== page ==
5.24.06 Pacific Ocean arriving in Naha, Okinawa – Japan
i wake up realizing that i never exchanged my taiwanese new dollars for yen before taking off to see.  luckily now has enough to perform an exchange.  she heads back to taiwan in a couple of weeks anyway, so she assures me that it’s alright.  i immediately buy a cup of noodles and we head out to the back deck to eat our breakfast with a clear sky and ocean view.  the beautiful day on the ship makes me feel stronger, makes me walk taller.   i sit and stare at the open ocean, watching the waves produced my the massiveness of the boat, take a deep breath of the crisp air, and feel the sun beating down on my face.  this is amazing.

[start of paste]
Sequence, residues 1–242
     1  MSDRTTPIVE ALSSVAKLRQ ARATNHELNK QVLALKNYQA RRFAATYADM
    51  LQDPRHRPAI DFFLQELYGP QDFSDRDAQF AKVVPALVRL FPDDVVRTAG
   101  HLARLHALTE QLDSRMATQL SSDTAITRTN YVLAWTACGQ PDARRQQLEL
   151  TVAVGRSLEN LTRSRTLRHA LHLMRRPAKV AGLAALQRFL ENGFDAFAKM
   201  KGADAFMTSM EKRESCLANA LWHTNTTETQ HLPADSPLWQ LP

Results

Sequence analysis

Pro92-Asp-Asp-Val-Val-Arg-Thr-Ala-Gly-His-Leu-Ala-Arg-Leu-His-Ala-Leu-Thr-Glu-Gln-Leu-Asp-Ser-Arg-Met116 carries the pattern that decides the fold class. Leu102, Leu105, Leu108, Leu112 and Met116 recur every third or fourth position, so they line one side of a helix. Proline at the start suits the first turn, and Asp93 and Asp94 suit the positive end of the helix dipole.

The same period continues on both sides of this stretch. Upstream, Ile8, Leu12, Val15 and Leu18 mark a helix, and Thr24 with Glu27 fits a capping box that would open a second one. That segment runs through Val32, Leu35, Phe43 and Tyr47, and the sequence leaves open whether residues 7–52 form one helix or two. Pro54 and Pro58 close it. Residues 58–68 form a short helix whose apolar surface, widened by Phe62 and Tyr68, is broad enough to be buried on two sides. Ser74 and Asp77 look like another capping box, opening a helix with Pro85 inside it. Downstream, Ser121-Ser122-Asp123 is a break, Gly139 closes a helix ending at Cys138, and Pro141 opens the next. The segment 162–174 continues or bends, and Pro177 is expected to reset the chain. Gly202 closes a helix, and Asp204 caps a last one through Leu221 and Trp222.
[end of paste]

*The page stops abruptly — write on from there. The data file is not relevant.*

i head back inside and upstairs to the ballroom where the japanese immigration stam my passport.  we all then head via bus to get our bags checked out for firearms and what not.  a sniffing dog sneaks up behind my and tickles the back of my legs.  wasn’t expecting that.  nao helps me research the cheapest options to get to toyoma where my brother lives.  the boat into tokyo is by far the cheapest, so she books me a seat for tomorrow’s departure at 6:00 pm.  the entire time we research, we are being hovered over by a man who wants us to stay at his hostel.  we give in once he tells us he’ll drive us there for free.  this is of course all relayed to me through nao.  we arrive at the hostel, and this is without a doubt the first of it’s kind for me.  the living room area is filled with grown men, some even in their eighties!  they all give me a wave as i enter and i toss them a long winded konichiwa.  the bunk beds are hand made and i toss my bags up in one.  i head back towards the girls dorm where nao is taying and we then head out to dinner.  she takes me to an authentic okinawa restaurant and we have raw fish.  once again, this is the first meal of it’s kind for me.  the raw fish is simply served on a plate, cut in slices at a 45 degree angle.  the familiar wasabe and soy sauce are then brought out.  there is a couple dining next to us.  the boyfriend is wearing a tank top and is extremely burnt outside of the linings of the cotton.  this tells me that okinawa is more of a vacation spot for most japanese.  the dinner is great.  never thought i would like raw fish, but it honestly didn’t taste fishy, which helps.